Insurers Adopt a Premium Policy
Question: What's one thing life, death, cars, boats, homes, mortgages, vacations and beloved family pets all have in common?
Answer: There's a companyor two or 100out there eager to insure them.
And while premiumsof the direct mail varietymay not be as pervasive among these companies as they are in others, more and more insurance mailers are turning to free gifts to help ensure that theirs is the policy prospects choose.
While insurance volume in the Who's Mailing What! Archive for 2005 is on par with previous years, premium use is up significantly. So far in 2005, premium use is hovering around 10.4 percent, which is an increase of more than 100 percent over 2004's 4.7 percent. Part of this surge can be attributed to the spring; premium use jumped from just 5.9 percent in the first quarter of this year to 11.7 percent in the second quarter. And while numbers for September are not yet available, the third quarter is on pace to continue this trend, with July at 17.4 percent and August at 10 percent.
Overall, premium use in the insurance sector currently is dominated by a couple of mailersmostly in the auto categorythat rely heavily on the tactic. Of those, The Hartford is the mailer with the longest-term control premium: a desk calculator it has been offering AARP members since at least 1999. The calculator, which is branded with both AARP and The Hartford logos, is free to members who request an auto insurance quote. In the program's current control, a #10 effort the Archive has been receiving since August 2004, the premium is promoted with an image on the back of the outer envelope and the teaser, "FREE Thank you GIFT ... Just for helping us help you!" The calculator also is featured on both sides of the reply device (Archive code #420-178519-0507A).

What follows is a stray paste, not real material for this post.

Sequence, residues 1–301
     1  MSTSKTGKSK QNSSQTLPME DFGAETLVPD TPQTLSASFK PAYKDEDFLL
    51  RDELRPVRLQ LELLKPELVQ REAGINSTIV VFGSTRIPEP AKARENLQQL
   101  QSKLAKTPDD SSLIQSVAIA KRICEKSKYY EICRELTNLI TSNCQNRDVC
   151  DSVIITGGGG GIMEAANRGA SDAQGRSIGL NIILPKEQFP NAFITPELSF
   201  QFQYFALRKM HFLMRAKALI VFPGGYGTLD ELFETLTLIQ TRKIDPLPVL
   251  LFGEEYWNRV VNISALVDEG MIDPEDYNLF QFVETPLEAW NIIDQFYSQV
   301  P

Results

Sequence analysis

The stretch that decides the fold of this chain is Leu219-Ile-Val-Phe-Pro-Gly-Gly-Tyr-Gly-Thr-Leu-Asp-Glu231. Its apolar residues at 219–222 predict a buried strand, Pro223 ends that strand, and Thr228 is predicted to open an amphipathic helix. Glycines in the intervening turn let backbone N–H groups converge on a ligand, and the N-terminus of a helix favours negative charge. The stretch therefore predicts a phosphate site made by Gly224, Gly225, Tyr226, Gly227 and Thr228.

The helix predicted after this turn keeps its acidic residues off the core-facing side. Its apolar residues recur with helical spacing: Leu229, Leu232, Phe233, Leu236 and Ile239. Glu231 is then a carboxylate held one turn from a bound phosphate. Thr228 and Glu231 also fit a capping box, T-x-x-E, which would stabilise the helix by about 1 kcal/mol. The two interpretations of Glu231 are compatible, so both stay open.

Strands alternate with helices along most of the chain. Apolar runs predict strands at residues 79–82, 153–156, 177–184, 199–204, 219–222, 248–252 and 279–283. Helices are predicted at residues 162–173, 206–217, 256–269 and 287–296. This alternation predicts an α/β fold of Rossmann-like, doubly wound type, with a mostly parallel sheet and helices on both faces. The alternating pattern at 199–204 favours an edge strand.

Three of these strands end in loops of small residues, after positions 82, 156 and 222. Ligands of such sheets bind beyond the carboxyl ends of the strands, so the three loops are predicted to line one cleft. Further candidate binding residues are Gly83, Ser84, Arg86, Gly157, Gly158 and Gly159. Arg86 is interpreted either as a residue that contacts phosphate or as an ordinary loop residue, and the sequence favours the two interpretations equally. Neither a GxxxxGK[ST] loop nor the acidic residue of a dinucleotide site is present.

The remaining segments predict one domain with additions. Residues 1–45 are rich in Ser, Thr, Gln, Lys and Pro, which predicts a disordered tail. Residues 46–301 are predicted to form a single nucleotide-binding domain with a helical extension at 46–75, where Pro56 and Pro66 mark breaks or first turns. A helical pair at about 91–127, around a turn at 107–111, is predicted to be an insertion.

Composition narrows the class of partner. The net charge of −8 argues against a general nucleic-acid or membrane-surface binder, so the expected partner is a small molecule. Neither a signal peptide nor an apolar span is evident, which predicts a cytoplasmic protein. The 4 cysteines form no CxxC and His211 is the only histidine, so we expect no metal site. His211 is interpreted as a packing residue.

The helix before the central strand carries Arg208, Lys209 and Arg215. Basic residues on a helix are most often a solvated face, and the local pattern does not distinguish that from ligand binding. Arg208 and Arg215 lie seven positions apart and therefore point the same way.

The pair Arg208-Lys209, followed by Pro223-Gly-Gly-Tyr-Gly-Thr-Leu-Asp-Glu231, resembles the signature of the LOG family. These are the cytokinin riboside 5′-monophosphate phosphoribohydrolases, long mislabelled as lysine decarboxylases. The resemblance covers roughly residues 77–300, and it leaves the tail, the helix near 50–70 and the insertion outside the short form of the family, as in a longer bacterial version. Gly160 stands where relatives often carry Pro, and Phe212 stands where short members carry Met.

It's possible, however, that this calculator premium may be fatiguing. This year, The Hartford has been mailing two new premiums: an atlas, which the Archive received offers for in March and May, and a flip-open clock/calculator, which we saw in July and August (Archive code #420-178519-0508). Like its more basic predecessor, this flip-open premium is available to AARP members who request a free quote, and is featured on both the envelope and the reply device. But, in a break from the control, the offer mails in a 6" x 11-1/2" snap-pack and is featured on a dedicated insert. It also does not appear that the clock/calculator is branded with the insurer's logo.
New York Life Insurance is another mailer fond of the calculator; the Archive has been receiving offers for a pocket version since 2002. But New York Life also mails targeted
efforts with equally targeted premiums, such as a baby calendar for new parents, which the Archive received in April 2004 (Archive code #460-172661-0507), and an "Asian-Indian T-shirt," presumably mailed to prospects of Indian descent (Archive code #460-172661-0507). Oddly enough, nowhere in the mailing is there an image of this "Asian-Indian T-shirt."
Alternately, 21st Century Insurance has been leaving nothing to prospects' imaginations since it entered the premium fray in July 2004 with a gas card premium it has been mailing heavily ever since. While the auto insurance provider has tested different creative formats for this offer, the personalized, #10 effort the Archive received in July seems to be its control, having appeared consistently since the start of the year (Archive code #420-414995-0507). In it, 21st Century teases its gas card through an oversized address window that shows an image of a hand pumping gas with the teaser, "We'll send you a FREE $20 GAS CARD if we can't beat your current insurance price!" written below. With the cost of gas steadily rising, this premium likely will prove to be very effective for 21st Century for months to come. (And it may be a good test for other mailers as well.)
Some other insurance premiums of interest received by the Archive recently include:
* Blockbuster gift card for a quote on a home and auto umbrella plan from Arbella Insurance Group (Archive code #460-701085-0506);
* $100 travel certificate for an insurance quote from AAA of Southern California (Archive code #420-182432-0506A); and
* Travel kit (containing such items as shoe polish, sewing kit, toothbrush and nail clippers) with enrollment in a flight insurance program from American Express Property Casualty (Archive code #455-642930-0508).